2. A day out to Lymington can also be enjoyable with children, we had the pleasure of going yesterday in fact. If you park near to the Harbour you can walk to the park that sits next to the estuary. It’s great fun for those that like boats (my little lad loved it!). Bring a picnic and sit in the park, or head into the shopping area where you can buy some delicious pasties from @thepastyshop there. We end up taking a walk around the Lymington-Keyhaven nature reserve, starting at the car park next to the Mayflower Inn. In the summer you can also bring your costumes and enjoy the seawater swimming pool on the seafront. Here is a map link for those of you who haven’t been before: http://www.lymington.org/naturereserve.html.
  3. Visit Stewarts garden centre at Holt, Wimborne. They have a play park hidden away around the side of the garden centre which is lovely for younger children. They even have a few animals there such as ducks and pigs, and it’s completely free to go in. We tend to bring a picnic, or grab a light bite to eat in the café inside the garden centre.
  4. Park for free at Pottern Park on the outskirts of Verwood, and take a 25 minute walk into Moors Valley. The walk itself is beautiful, taking you past the lake and river on the way in. There are a few benches too, so occasionally we’ll have a picnic before arriving at Moors Valley. Fabulously FREE!!!
  5. So many options, and I’m starting to think I should have done a top ten list, but my final suggestion is going to be Upton House in Poole. The grounds are great to walk around here, and they have a coffee shop and toilet facilities. During the warmer months they have a splash area in the walled garden so the little ones can cool off whilst the parents can get the picnic blankets out. We tend to feed the ducks, and take a walk along the pathway on the edge of the harbour. The play area is small, but kept natural with trees to climb through etc.IMG_0449
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    The play area at Stewart’s Garden Centre – Holt
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Family, Health, Parenting, Uncategorized

‘So what’s your job?’ – The question full time mothers dread

 

Recently I was at the checkout in my local supermarket with my eighteen month old son, when the women behind the counter asked whether it was my ‘day off’. Writing this now I think to myself ‘bloody cheek!’, but at the time I admit to replying with a ‘yes’?!! To question whether she thought spending the day with my eighteen month old (baby as far as I’m concerned) was deemed as unacceptable, or not ‘work’ enough didn’t feel comfortable at the time. Instead I actually felt wrong for saying that I was a full time Mum.

It happens frequently. When speaking to people I don’t know, friends of friends for example, the question ‘What do you do for a living?‘ is soon asked. To reply ‘I’m a Mum’ always seems to be a conversation killer (unless on meeting another Mum, in which case your on safe grounds!).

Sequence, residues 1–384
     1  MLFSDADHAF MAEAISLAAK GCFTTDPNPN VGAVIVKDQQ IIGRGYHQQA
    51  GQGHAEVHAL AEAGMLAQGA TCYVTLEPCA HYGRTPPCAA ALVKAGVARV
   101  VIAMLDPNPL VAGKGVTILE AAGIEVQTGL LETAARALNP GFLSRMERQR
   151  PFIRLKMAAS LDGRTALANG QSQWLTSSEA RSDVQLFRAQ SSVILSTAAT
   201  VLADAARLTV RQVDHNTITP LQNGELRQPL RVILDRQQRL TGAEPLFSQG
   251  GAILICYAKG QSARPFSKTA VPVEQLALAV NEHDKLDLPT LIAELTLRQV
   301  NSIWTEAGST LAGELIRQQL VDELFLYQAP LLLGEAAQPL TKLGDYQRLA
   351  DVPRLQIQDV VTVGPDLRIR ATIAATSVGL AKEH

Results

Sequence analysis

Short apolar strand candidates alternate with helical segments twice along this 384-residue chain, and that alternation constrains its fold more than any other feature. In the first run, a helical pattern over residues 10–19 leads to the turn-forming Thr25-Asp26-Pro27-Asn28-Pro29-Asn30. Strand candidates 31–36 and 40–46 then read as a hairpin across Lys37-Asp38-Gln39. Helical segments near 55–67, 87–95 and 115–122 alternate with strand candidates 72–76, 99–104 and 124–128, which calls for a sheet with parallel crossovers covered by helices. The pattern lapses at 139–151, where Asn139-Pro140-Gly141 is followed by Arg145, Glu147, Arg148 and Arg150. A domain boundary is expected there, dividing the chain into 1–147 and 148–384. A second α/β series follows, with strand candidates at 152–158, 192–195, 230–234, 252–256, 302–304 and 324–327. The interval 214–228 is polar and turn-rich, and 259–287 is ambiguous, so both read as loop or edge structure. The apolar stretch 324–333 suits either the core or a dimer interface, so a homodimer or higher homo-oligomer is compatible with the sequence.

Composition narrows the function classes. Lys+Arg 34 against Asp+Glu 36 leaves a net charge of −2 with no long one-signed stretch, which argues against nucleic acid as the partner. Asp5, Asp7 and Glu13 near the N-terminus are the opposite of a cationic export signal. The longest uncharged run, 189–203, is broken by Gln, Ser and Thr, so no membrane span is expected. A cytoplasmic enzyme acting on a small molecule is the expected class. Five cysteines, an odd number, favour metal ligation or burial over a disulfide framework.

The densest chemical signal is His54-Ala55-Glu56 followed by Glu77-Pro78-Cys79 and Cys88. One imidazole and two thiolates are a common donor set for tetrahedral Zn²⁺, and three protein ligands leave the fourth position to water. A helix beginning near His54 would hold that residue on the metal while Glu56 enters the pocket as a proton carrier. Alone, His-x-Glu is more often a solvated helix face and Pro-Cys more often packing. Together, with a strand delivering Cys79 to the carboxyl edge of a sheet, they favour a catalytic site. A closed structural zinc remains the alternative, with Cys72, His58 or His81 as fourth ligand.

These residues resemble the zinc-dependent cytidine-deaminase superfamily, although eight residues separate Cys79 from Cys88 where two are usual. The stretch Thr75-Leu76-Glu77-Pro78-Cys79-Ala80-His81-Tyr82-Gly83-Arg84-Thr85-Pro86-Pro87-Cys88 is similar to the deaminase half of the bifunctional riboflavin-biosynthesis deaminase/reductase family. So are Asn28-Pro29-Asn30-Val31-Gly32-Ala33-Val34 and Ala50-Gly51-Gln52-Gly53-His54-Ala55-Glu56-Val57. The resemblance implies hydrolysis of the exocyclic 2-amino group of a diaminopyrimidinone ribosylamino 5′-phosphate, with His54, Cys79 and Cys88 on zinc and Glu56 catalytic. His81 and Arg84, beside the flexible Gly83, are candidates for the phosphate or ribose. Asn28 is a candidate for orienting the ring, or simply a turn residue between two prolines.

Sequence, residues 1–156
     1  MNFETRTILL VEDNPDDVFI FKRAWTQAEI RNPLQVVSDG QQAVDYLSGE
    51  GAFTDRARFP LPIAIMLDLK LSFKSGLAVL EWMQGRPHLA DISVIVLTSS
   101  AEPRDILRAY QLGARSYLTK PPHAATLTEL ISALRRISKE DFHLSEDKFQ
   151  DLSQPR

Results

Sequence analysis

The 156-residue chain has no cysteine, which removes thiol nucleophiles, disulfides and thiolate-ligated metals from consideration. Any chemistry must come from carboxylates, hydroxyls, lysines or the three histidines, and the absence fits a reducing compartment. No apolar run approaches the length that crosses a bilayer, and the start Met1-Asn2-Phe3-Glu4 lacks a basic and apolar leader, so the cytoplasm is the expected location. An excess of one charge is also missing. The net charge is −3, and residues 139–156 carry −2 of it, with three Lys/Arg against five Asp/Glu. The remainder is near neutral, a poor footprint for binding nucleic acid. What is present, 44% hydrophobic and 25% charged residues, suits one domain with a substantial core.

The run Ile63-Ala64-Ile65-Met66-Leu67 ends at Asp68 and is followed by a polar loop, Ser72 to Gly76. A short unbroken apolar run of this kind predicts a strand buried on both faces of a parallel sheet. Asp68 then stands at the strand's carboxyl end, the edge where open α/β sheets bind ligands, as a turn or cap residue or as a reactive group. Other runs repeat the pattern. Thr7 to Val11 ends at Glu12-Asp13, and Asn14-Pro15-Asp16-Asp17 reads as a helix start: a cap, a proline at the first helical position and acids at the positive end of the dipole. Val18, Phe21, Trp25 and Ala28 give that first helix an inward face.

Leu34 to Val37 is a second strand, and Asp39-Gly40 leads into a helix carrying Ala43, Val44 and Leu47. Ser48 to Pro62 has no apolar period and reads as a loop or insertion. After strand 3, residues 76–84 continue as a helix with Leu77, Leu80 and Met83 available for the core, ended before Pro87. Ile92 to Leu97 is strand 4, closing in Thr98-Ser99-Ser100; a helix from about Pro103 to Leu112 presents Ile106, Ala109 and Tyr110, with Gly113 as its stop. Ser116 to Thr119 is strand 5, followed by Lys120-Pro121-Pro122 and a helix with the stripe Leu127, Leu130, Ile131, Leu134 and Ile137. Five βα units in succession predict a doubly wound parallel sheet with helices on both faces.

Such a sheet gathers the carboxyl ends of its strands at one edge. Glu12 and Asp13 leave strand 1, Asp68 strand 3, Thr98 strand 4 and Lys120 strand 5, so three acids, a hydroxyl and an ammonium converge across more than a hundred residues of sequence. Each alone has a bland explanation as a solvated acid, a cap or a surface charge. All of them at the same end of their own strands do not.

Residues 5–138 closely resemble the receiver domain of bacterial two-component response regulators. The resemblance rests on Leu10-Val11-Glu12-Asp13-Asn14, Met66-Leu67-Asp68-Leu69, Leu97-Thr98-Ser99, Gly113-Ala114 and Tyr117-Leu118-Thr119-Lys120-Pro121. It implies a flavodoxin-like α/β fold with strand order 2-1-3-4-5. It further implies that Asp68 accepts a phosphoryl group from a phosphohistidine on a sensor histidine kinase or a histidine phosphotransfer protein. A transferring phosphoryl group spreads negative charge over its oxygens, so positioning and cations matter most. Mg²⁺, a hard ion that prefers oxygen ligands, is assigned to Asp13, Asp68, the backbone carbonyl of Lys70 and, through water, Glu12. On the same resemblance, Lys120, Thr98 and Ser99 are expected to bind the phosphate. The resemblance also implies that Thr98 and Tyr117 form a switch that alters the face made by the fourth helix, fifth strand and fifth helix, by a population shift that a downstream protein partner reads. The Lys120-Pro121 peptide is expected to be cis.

I realise that some of the feeling comes from myself. Its true that I still feel the urge to achieve some form of career, and feel that my degree and Masters in Psychology has currently amounted to absolutely nothing (except enjoyable memories of learning for fun… and proving to myself that I have a brain cell or two). But I know having spoken to others that many are in the same boat, feeling that being a full time mum isn’t deemed as enough.

As my eight year old daughter would say ‘But why?’. Why do people deem motherhood (or fatherhood) as a day off? Some I can understand are naive to what being a parent involves – but some parents seem to frown upon it too.

Now I don’t have the answers (clearly) as to why people deem full time parenthood as an unworthy ‘job’ title, but I would like to take the opportunity to say that being a full time parent is OK. In fact its more then OK. Its the most acceptable, natural, instinctive ‘job’ that one can have. It’s also hard work, and not a ‘day off ‘by any means. We can go for hours without adult conversation, have to remain patient at all times (even when you really do feel like you’re about to blow), can’t go to the toilet without being watched, have to somehow manage to tidy up and do other boring chores at the same time, and are probably doing most of this having had not much sleep, or having been up since 5.30 am at best.

For those of you who wonder why we don’t just do what we can to avoid this, I would like to also point out that it really is the most rewarding job anyone will ever do. Bit cliché I know – but it’s also a very fortunate position to be in, to be able to mould your little person into what they become, to watch them change each day and learn something new, to share your time with someone who absolutely cherishes your company, and to know that the energy you put in now will take that little person through their childhood, and make them into a big person that hopefully (if all has gone well) flourishes, and reaches their own dreams and aspirations because of what you put in from day one.

Basically – full time Mum’s be proud, don’t do what I did and be made to feel that being a mum isn’t worthy of being classed as a job, hold your head high knowing that you have one of the most challenging and important jobs in the world.

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Family, Health, Relationships

From Venus and Mars to Ying and Yang?

Now this isn’t entirely meant to be used as a way to vent my relationship frustrations, but if it comes across that way please bare with me!